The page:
In his well-known article, Good Product Manager/Bad Product Manager, Ben Horowitz wrote: “Good product managers take full responsibility and measure themselves in terms of the success of the product”. That includes, of course, making sure that the product owner role is performed as required – the detailed user stories reflect the product manager feature definitions, the prioritization is aligned with the product goals, etc.
While the product owner’s duties can be performed by the product manager, it is not mandatory. When one person performs both roles, it may result in focusing on urgent matters on the account of delving into long-term, strategic activities. A product manager working closely with a product owner (rather than filling this role on their own) can focus on the big picture, without the risk of neglecting the detailed work with R&D – this work is handled by the product owner, supervised by the product manager.
One challenge that arises when the product owner is NOT the product manager is that one of the product owner roles is to represent the voice of the customer to the technical team. If product owners get market inputs only from the product manager and do not have direct access to the market, their ability to represent the customer’s view to the R&D team is limited. This should be solved by involving product owners in customer meetings and other opportunities for direct access to the market. In such case it is important that the product owner’s understanding of the customers is in sync with that of the product manager, so that the message from the market to the organization is coherent.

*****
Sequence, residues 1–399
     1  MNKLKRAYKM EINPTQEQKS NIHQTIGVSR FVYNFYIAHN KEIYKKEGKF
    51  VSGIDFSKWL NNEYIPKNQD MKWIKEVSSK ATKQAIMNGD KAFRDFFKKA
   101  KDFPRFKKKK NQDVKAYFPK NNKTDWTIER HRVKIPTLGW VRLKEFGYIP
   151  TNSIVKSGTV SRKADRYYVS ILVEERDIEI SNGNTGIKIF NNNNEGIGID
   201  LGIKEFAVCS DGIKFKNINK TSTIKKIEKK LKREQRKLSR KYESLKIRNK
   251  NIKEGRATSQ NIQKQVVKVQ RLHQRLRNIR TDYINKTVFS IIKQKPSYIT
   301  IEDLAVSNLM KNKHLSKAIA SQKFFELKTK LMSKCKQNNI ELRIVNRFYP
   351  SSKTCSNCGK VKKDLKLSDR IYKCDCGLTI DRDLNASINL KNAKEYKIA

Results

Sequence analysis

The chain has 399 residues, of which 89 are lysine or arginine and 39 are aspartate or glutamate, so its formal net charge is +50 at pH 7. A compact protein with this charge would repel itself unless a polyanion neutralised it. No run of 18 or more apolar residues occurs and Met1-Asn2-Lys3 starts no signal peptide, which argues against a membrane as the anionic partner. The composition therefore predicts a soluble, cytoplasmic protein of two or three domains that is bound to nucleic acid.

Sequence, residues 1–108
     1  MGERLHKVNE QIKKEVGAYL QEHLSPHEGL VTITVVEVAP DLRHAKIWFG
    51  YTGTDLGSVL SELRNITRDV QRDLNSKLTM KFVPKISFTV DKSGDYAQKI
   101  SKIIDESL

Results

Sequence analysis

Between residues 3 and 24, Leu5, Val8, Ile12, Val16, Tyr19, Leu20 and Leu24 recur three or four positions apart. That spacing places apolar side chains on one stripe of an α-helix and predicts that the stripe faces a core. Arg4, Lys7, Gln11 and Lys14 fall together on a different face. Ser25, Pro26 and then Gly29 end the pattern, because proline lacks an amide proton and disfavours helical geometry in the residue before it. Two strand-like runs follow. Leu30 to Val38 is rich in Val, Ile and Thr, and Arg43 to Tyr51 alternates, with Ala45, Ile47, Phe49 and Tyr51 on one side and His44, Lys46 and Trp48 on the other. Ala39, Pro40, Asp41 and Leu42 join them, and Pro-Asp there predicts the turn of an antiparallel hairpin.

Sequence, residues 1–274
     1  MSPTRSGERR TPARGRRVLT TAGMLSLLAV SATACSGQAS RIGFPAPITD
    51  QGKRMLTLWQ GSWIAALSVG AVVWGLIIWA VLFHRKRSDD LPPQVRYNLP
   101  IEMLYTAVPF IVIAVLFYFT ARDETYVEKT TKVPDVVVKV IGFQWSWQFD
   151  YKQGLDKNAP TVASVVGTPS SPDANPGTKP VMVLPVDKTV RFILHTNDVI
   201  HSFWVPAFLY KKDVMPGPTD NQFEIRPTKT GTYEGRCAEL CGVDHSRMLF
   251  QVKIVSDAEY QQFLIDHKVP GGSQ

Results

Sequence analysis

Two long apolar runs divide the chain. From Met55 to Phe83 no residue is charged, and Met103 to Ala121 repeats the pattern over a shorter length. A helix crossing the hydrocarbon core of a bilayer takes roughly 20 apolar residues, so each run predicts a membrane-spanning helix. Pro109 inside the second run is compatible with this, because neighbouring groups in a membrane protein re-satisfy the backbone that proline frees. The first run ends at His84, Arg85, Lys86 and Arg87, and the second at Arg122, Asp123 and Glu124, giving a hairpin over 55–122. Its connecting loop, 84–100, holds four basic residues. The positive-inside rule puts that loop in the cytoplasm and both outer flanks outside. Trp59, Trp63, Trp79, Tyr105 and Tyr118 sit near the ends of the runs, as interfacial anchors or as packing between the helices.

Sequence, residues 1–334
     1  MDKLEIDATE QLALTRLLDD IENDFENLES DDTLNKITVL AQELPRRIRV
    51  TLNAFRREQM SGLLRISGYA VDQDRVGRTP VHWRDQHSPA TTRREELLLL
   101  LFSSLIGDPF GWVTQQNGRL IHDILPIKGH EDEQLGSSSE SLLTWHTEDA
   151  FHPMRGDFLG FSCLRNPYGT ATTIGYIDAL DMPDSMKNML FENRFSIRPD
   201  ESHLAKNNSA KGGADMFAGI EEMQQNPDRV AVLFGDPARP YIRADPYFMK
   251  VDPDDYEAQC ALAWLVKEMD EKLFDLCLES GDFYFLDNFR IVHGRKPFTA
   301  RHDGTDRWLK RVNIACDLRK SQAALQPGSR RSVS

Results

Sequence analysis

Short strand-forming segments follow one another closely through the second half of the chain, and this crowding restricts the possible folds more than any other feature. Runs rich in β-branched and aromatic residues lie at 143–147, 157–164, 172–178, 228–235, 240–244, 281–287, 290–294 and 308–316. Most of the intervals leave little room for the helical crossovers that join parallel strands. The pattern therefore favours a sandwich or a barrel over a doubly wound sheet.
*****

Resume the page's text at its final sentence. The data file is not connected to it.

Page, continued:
When working this way, the product team’s interfaces with the rest of the organization are clear – the product owner is the principal point of contact for the R&D team, and the product manager is the principal point of contact for the marketing team, sales team, etc. There should be a well-defined working procedure between the product manager and the product owner to ensure that the product owner’s translation of requirements to user stories aligns with the product manager’s understanding of the requirements, and that they share the same, up-do-date understanding of the market.
A product owner can be of great help to the product manager, as long as the product manager maintains an end-to-end responsibility over the product, including the work done by the product owner. If a product manager thinks her responsibility ends when the product definition is delivered to the product owner for execution, she does not understand her role as a product manager and cripples her ability to build a successful product. Taking control over the two roles, even if one is performed by a different person, is a key element in the success of the product.